You invested $25,000 and you took out $25,000. Essentially, you have no money invested in the business. Yet you still own the business! Get your money out and say, “Thank you … thank you very much!”                     

  • Recapitalize
    You still own the business with this strategy as well. Let’s say that you invested $25,000 to start your business. You got your business started, built it up and are making money.

    You may be able to go to your banker and borrow against your business. Let’s say your banker agrees to a $25,000 loan which you can pay back from the cash flows of your business.

    It’s likely that you’ll need a good use for the money to get your banker’s okay. For example, maybe you have an opportunity to buy a piece of real estate that will house your company.

    In essence, you’ve cashed out of your business because you now have that original $25,000 invested somewhere else. Repeat this strategy over and over until you have enough money to fund the life of your dreams. That’s bigg success!

Thank you … thank you very much for reading our post today.

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Please join us next time when we ask some questions about work – life balance. Until then, here’s to your bigg success!

Subscribe to The Bigg Success Show in iTunes. 

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Direct link to The Bigg Success Show audio file:
http://media.libsyn.com/media/biggsuccess/00424-062509.mp3

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These Forgotten Costs Often Sink Us

sunken_boat We try not to make financial decisions in a vacuum. We strive to factor in all the relevant pieces before making a major purchase. But there are some costs that we often fail to factor in that can make a significant difference.

We often fail to factor in future flows of money.

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We expect a certain percentage pay raise. So we spend money as if it has already happened. It’s especially important in times like these that we don’t spend money before we know we have it.

Another thing we often do is count on a bonus. If it doesn’t materialize, we’re in trouble as we learned from Clark Griswold in Christmas Vacation. We sure don’t want our brother tying up our boss!

What about increased insurance costs? Is it likely that you’ll pay more for health insurance next year? How about insurance for your house or car? Insurance costs can rise significantly from year to year.

Do you have a variable rate mortgage? Have you considered a projected increase in the rate and the associated increase in your mortgage payment?

Have you thought about what might happen with recurring expenses? Cable bills, power bills, and water bills all seem to rise from year to year.

Affording it now isn’t good enough

You may finance a major purchase. Sure it’s only $100 a month. You can cover it now. But if it stretches your budget to its limit, it’s likely you won’t be able to cover it next year. You’ll start sinking and soon end up underwater, in a financial sense. You’ll run out of money before you run out of month!

It’s important to have a safety net – spending less than what you make each month.

A tool businesses use

We often don’t think about it this way, but we all run an organization – our households. Just like any organization, we have inflows and outflows of money.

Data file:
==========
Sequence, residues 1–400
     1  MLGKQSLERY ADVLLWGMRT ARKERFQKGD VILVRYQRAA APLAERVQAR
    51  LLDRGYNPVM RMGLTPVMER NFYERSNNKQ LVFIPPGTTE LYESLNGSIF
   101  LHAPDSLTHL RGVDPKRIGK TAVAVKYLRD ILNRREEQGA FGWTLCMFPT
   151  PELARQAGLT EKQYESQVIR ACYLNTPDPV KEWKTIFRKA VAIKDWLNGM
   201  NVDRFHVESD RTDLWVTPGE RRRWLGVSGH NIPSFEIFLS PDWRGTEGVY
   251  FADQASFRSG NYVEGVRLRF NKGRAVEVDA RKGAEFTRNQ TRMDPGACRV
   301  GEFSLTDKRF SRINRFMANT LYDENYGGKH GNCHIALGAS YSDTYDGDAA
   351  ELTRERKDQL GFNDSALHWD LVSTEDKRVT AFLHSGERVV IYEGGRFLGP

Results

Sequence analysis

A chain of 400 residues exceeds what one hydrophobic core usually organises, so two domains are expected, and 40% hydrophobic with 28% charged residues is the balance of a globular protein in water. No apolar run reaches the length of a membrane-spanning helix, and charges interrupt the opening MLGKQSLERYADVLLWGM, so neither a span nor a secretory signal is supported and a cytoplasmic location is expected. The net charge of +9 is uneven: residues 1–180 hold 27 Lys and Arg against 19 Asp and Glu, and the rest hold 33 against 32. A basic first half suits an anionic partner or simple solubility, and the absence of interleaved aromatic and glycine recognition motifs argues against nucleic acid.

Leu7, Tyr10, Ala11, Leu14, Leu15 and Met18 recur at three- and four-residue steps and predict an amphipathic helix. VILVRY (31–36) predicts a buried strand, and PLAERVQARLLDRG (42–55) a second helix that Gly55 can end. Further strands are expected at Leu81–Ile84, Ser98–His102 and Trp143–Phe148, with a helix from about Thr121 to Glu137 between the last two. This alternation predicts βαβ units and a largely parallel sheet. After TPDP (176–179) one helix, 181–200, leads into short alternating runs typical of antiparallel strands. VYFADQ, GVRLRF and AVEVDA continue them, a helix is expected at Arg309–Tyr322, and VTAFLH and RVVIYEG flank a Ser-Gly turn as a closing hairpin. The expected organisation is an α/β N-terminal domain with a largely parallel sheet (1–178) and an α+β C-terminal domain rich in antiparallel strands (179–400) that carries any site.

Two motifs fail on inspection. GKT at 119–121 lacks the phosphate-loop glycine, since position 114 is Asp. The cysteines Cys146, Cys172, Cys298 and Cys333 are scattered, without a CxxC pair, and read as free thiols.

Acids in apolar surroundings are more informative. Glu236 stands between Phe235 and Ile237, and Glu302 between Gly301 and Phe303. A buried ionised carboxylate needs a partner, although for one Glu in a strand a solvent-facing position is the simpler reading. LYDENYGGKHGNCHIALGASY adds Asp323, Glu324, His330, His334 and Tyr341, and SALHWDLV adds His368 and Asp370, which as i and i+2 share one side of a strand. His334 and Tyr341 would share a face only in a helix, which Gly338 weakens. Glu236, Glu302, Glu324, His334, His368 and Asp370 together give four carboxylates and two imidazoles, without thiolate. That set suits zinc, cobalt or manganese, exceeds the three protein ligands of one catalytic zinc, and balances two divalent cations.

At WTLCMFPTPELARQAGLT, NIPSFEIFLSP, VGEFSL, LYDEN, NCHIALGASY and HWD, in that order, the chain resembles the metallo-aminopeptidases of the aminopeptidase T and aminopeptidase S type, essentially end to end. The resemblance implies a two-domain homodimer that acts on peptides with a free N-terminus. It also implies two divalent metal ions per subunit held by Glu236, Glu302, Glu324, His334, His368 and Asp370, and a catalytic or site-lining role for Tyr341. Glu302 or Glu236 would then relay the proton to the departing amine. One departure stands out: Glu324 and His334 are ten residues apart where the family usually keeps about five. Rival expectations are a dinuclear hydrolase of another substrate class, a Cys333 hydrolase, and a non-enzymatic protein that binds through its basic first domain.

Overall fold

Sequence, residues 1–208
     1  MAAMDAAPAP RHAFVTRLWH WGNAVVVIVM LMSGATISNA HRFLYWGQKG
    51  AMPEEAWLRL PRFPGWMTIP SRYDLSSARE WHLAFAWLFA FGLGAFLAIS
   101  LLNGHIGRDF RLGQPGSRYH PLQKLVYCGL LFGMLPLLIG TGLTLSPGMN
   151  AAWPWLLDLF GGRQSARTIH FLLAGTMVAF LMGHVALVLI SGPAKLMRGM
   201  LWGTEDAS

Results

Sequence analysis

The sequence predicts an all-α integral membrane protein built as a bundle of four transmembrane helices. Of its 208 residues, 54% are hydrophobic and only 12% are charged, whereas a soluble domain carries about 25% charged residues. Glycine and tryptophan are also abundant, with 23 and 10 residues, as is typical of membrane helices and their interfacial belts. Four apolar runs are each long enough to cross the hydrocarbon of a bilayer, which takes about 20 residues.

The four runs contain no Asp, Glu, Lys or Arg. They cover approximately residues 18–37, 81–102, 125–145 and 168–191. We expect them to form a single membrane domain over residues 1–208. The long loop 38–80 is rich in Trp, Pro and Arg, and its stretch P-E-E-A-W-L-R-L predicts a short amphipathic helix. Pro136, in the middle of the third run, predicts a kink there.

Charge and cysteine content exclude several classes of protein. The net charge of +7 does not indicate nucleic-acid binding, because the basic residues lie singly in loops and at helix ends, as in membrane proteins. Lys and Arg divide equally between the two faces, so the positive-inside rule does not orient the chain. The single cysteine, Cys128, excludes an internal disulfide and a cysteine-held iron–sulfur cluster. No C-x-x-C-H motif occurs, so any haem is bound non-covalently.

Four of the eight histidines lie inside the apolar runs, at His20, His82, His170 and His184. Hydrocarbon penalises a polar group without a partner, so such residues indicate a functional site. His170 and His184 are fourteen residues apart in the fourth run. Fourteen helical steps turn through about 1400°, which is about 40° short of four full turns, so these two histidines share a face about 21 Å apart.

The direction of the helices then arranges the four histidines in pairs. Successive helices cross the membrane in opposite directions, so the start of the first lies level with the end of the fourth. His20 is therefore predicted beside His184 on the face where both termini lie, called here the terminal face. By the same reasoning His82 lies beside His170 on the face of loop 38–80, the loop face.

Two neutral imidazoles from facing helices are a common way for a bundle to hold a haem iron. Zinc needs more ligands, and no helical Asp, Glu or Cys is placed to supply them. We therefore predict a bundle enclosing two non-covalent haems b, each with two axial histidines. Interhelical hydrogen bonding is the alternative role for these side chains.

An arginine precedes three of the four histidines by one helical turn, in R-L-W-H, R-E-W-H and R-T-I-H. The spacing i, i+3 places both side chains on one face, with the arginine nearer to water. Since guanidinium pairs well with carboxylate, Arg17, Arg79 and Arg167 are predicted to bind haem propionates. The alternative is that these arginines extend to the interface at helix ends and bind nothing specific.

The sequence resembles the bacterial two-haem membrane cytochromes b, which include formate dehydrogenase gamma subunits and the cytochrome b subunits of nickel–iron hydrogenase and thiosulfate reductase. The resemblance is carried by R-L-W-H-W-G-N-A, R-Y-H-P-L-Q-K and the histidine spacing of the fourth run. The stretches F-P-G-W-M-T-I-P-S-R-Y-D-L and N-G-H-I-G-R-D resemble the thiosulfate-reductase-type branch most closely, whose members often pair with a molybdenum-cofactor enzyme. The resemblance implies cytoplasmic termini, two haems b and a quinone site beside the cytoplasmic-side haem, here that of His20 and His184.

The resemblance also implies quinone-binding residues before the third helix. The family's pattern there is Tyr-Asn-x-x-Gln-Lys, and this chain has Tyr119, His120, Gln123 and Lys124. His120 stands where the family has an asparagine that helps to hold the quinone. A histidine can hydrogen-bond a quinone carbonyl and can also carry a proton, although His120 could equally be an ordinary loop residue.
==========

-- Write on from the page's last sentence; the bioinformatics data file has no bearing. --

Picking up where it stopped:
Reasonably sophisticated business people work from a budget. Yes, the “b” word. Many people do treat budgets like a dirty word. But they’re a great tool.

And they’re especially important if you don’t have any money left over at the end of the month. It’s important to understand why. You can use Quicken, Excel or any number of ways to create your budget.

Many business people don’t just budget for one year. They look at projections over three years or more. These budgets don’t have to be elaborate – just plot out your main sources of inflows and outflows.

The power of the tool

Once you have a budget set up, you can look at “what if” scenarios. For example, what if:

  • you don’t get a pay raise
  • you (or your spouse) lose a job
  • the cost of health insurance (or any other cost) rises more than you expect?
  • you make this major purchase?

When you create a budget, you’re applying Stephen Covey’s “begin with the end in mind” and “put first things first” (from The 7 Habits of Highly Effective People) to your finances. You’re considering all your costs – both now and in the future. Then you can see the impact of major purchases on your overall finances so you make the best decision going forward.

You can run your finances intentionally, rather than ad hoc. You can prepare for contingencies so you survive no matter what. Then you can shift your focus to thriving!

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Thanks for stopping by today. Next time, we’ll discuss how assumptions we make about time leave us overextended. Until then, here’s to your bigg success!

Subscribe to The Bigg Success Show in iTunes. 

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Direct link to The Bigg Success Show audio file:
http://media.libsyn.com/media/biggsuccess/00266-111708.mp3

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Moving Beyond Personal Productivity

personal A bigg salute to Stowe Boyd for his recent post called Overload, Shoverload. He argues that personal productivity isn’t important anymore. It’s the productivity of your network that matters.

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Listen to podcast this blog post! Click PLAY to hear George & Mary-Lynn on The BIGG Success Show Podcast.

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That made us think of Stephen Covey. As he says in 7 Habits of Highly Effective People, we have to move from independence to interdependence in order to achieve maximum effectiveness.